JTK – Notes and Ramblings Things we have found …


DDC and CEC and more TV control

Filed under: Home Automation — taing @ 10:54 am

The quest to control the TVs and monitors continues. One promising option is DDC/C control. I was able to install ddcutil: sudo apt-get install ddcutil. For the older Acer units with Nvidia Ion graphics I was able to retrieve EDID but was unable to detect DDC.

The ddcutil website suggested adding the following in /etc/modprobe.d/nvidia-ddc :

options nvidia NVreg_RegistryDwords=RMUseSwI2c=0x01;RMI2cSpeed=100

I found that for the GeForce GT 710 machine this helped but not for the Acer with Ion graphics. Unfortunately, the Samsung T24C550 TV only seems to support a limits subset of DDC commands.

Next up was ddccontrol. After installing, it wasn’t able to detect DDC on the Acer with Ion but was more successful of the GeForce system. Unfortunately, there was no entry for the Samsung in the ddccontrol database so only generic commands appear to be available.

It is worth noting that even on the GeForce system once the monitor went to sleep it wasn’t detected at all by either ddcutil or ddccontrol.

Further notes on using ddcutil without being root can be found at https://frdmtoplay.com/using-ddccontrol-as-a-non-root-user/#:~:text=ddcutil%20is%20a%20CLI%20based,is%20not%20’officially’%20supported. This really comes down to adding users to the i2cusers group.


CEC is another option for controlling HDMI devices. While CEC can be used with a variety of devices it is especially useful on the Raspberry Pi. Again, unfortunately it is not supported by most Nvidia cards but is reported to work with the Nvidia Shield.

Your first step will be to install cec-utils: sudo apt-get install cec-utils. Hopefully a scan will turn up your device.

 echo "scan" | cec-client -s -d 1

If it does not it is worth looking into cec-util from the v4l-utils package. You may find to need to install/create the drivers for /dev/cec0.

For my Samsung, CEC was not enabled by default. Samsung refers to CEC as Anynet+. It can be enabled in the Service Menu. To enter the service menu, with the power to the TV off press MUTE 1 8 2 POWER quickly on the remote. Other Samsung units use INFO MENU MUTE POWER for the service menu.

I found some good info on using Raspberry Pi with CEC and a variety of devices at https://www.raspberrypi.org/forums/viewtopic.php?f=35&t=15593&p=158409&hilit=cec_client#p158409.

An no discussion of using CEC would be complete without mentioning CEC-O-Matic. This website allows you to “build your own” CEC commands.

Samsung – In Depth

There is lots of in depth info on Samsung TVs and firmware at https://wiki.samygo.tv/index.php?title=This_is_the_first_document_you_have_to_read.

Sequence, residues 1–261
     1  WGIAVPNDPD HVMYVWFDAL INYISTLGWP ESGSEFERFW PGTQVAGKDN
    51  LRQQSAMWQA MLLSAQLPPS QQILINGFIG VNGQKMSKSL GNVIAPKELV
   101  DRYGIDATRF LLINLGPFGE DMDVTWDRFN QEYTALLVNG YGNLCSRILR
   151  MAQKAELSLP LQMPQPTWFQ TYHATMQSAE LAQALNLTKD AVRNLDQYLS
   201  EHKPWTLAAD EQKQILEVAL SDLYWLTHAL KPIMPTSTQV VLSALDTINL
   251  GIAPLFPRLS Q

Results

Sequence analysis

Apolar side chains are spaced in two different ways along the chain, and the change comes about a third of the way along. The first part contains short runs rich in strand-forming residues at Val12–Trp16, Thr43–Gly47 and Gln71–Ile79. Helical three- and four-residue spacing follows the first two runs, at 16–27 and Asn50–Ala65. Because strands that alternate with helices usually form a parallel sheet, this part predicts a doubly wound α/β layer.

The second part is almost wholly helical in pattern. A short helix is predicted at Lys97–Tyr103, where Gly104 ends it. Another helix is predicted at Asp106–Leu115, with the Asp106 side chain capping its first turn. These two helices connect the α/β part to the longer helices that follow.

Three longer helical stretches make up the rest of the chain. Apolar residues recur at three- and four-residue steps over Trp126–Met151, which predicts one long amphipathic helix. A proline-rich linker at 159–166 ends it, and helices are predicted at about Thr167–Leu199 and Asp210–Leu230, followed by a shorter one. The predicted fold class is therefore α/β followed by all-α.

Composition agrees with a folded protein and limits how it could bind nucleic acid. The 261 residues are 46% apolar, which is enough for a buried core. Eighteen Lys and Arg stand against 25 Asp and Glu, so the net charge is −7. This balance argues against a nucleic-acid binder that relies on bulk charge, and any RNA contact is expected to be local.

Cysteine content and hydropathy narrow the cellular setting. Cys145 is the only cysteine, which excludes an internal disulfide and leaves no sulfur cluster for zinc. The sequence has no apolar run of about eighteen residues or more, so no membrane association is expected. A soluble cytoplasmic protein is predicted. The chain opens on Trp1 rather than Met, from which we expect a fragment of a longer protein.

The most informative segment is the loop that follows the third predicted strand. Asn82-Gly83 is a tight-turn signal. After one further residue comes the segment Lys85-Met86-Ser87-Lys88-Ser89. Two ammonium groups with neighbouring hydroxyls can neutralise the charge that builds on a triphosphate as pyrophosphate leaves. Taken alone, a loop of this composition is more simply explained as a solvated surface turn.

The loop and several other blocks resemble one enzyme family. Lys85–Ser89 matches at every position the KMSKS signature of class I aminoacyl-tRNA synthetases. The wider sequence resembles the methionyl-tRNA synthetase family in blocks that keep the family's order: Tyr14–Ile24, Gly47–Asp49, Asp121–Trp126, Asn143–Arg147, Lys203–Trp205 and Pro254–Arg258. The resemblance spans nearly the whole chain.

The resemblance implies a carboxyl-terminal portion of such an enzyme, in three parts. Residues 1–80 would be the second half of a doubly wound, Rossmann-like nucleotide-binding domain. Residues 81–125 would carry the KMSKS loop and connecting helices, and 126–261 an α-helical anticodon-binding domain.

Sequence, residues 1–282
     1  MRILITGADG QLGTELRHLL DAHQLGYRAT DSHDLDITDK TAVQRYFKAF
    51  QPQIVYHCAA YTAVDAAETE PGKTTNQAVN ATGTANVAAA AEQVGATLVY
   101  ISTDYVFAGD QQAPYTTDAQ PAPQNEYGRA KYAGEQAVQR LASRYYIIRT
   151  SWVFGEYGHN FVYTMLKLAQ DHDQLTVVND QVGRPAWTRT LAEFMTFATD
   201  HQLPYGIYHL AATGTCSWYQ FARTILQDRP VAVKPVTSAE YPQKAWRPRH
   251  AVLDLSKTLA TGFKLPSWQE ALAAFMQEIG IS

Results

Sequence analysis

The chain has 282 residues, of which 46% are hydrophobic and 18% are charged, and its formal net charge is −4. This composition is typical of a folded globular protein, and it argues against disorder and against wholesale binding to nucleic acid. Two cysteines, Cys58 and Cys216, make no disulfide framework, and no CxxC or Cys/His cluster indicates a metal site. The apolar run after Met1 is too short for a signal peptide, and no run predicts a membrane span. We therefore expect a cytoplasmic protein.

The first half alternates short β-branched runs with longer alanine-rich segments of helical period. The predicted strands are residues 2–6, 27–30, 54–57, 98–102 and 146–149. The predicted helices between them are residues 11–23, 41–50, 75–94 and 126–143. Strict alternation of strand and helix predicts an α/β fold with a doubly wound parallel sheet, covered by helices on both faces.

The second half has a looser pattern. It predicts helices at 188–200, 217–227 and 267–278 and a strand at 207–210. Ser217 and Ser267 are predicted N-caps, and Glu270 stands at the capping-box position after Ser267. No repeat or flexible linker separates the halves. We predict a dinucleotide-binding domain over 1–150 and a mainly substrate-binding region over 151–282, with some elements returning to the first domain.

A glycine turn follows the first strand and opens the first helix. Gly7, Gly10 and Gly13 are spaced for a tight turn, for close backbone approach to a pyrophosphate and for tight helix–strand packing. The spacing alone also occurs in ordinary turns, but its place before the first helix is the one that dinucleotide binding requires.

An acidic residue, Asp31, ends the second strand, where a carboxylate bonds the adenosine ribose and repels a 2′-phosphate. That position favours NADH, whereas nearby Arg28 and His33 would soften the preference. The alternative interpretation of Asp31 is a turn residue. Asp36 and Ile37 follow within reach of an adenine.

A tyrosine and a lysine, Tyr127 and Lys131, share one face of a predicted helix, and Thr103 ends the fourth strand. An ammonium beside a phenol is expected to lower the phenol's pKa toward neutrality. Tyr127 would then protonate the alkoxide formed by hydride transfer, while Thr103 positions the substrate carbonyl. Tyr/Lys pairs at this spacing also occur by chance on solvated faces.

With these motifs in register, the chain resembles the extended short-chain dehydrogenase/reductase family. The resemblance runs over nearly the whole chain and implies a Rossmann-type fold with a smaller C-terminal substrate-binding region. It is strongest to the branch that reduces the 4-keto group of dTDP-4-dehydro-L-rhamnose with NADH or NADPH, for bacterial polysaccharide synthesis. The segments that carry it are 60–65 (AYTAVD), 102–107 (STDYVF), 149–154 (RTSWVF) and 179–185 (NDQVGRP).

Vizio Smartcast

If you have a Vizio with Smartcast there is a bit of detective work shown on github.


Roku Remote Control

Filed under: General,Home Automation,RTL-SDR — taing @ 10:36 pm

Back in April I mentioned adding some Roku remote control. At this point I’m thinking more javascript than Python.

Roku has a good External Control Protocol reference online.

Sending commands

Unfortunately, the Roku API will not accept Cross Origin Request. This is not an issue if communicating from Node or Python but from the browser using xhr or fetch() you will get CORS errors. When sending POST for button presses you don’t care about the response for a “mode:’no-cors’ ” will work.

let resp = await fetch("http://roku-ip:8060/keypress/play", {method:'POST', mode:'no-cors'})

For the GET for status from the browser one option is a “proxy” add the “Access-Control-Allow-Origin” header. Borrowing the idea from https://medium.com/gitignore/building-a-roku-remote-web-app-1c0db0056be4 we set our Apache web server.

sudo pico /etc/apache2/apache2.conf to edit the config file and add the following lines:

<Location /roku>
    ProxyPass "http://roku-ip:8060/"
    ProxyPassReverse "/" 
    Header add "Access-Control-Allow-Origin" "*"

You will need to have several modules loaded in Apache for this to work: headers and proxy_http. This can be done with:

sudo a2enmod proxy_http
sudo a2enmod headers
sudo systemctl restart apache2

Deep Links

A very important link for launching directly into netflix content is https://unogs.com/search/. From this site you can find the contentid for much of the netflix content.

This allows for directly linking to content with something like:

curl -d '' "http://roku-ip:8060/launch/12?contentid=70136120&mediatype=series"